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cabinporn:

As kids, books like The Visual Dictionary and David Macaulay’s The Way Things Work were our most-prized possessions.  We’d spend hours pouring over insect classifications or a cutaway diagram of a combustion engine.
The Visual Handbook for Building and Remodeling ($23) is like that, but for grown ups: 600 pages of detailed color illustrations covering everything from timber frame joints to span & load calculation tables to sun path charts for optimizing passive solar heating in your cabin.

If only I was practical…
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cabinporn:

As kids, books like The Visual Dictionary and David Macaulay’s The Way Things Work were our most-prized possessions.  We’d spend hours pouring over insect classifications or a cutaway diagram of a combustion engine.

The Visual Handbook for Building and Remodeling ($23) is like that, but for grown ups: 600 pages of detailed color illustrations covering everything from timber frame joints to span & load calculation tables to sun path charts for optimizing passive solar heating in your cabin.

If only I was practical…

futuramb:

Clayton Christensen and Michael B Horn: Online Education as an Agent of Transformation - NYTimes.com

Like steam, online education is a disruptive innovation — one that introduces more convenient and affordable products or services that over time transform sectors. Yet many bricks-and-mortar colleges are making the same mistake as the once-dominant tall ships: they offer online courses but are not changing the existing model. They are not saving students time and money, the essential steps to disruption. And though their approach makes sense in the short term, it leaves them vulnerable as students gravitate toward less expensive colleges.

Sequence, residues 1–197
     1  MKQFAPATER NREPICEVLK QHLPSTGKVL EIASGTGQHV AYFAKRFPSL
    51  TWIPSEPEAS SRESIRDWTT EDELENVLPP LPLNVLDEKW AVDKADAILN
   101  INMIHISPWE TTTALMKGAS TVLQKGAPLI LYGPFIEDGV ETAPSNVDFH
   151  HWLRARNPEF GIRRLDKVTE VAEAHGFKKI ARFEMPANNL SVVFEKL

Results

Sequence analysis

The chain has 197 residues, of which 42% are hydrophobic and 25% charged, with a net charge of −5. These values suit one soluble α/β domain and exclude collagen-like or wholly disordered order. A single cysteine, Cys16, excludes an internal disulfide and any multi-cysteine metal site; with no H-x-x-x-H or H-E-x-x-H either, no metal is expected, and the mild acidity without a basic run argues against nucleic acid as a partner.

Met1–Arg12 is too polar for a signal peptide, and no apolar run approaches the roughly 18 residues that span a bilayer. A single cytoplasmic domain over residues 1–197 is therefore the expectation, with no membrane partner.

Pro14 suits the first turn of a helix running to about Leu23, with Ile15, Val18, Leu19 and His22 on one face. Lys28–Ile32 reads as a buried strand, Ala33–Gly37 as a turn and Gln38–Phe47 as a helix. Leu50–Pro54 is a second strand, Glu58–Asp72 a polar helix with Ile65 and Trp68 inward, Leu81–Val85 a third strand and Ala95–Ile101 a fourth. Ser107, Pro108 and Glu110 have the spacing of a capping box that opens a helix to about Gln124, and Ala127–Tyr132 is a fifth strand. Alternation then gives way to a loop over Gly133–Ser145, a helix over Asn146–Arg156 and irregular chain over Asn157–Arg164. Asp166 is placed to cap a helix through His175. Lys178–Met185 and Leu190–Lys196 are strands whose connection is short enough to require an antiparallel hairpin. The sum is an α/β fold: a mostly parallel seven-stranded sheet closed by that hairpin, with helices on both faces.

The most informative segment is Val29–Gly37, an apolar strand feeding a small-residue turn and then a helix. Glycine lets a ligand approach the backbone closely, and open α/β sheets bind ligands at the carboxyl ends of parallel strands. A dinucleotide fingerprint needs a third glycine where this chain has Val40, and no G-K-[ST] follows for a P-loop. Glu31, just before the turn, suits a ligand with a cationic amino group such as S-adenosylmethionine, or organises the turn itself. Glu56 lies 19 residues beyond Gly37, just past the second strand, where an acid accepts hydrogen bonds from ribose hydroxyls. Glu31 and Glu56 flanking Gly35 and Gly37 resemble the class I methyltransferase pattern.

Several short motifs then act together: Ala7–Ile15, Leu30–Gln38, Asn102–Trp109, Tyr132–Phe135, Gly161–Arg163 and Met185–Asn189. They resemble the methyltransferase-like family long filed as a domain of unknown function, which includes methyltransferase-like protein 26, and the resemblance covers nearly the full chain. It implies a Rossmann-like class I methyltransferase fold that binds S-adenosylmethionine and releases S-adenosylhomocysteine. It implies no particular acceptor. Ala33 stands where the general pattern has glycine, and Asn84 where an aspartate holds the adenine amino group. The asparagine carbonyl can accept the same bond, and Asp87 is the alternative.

ibmsocialbiz:

6 rules for creating content that resonates with busy C-Suite execs

  • Drive credibility with hard fact. Data based on peer-based insights and stories adds to  credibility.
  • Provide timely information on issues that matter. There needs to be a “so what” that is up to the minute on topics relevant to the executive’s business, role, and current challenges.
  • Summarize, summarize, summarize. Deliver your ideas with targeted summaries and succinct points, where the bottom-line ideas and actions are easy to extract and consume.
  • Channel matters. Content has to be easy to access everywhere— during a flight when they are on the iPad, after dinner with a printed paper, or while waiting for a meeting when they have two minutes to watch a video.
  • Push beyond common wisdom and top-of-mind trends. Present a provocative vision for future possibilities. Executives seek intriguing, surprising, or useful ideas that highlight future opportunities in areas that tie to their greatest business challenges.
  • Be strategic, not technical. Executives care about how they can solve business problems and enhance revenue and profit. They are not interested in reading about technologies and products — those are only a means to the end and are readily delegated to others to review and purchase.

(via Designing Your Content Plan to Speak to the C-Suite - Business 2 Community)

Data is the pollution problem of the information age. All computer processes produce it. It stays around. How we deal with it—how we reuse and recycle it, who has access to it, how we dispose of it, and what laws regulate it—is central to how the information age functions. And I believe that just as we look back at the early decades of the industrial age and wonder how society could ignore pollution in their rush to build an industrial world, our grandchildren will look back at us during these early decades of the information age and judge us on how we dealt with the rebalancing of power resulting from all this new data.
The Battle for Power on the Internet - Bruce Schneier - The Atlantic (via fred-wilson)
The No. 1 challenge in building a great company is understanding yourself. Most companies reflect the strengths and weaknesses of their founders. Those that are more mindful of their own strengths and weaknesses tend to build more balanced businesses.

Albert Wenger, in Financial Post interview, ahead of Oct 23rd fireside chat in Toronto.

http://business.financialpost.com/2013/10/21/how-the-internet-changed-the-venture-capital-landscape-albert-wenger/

(via wmougayar)

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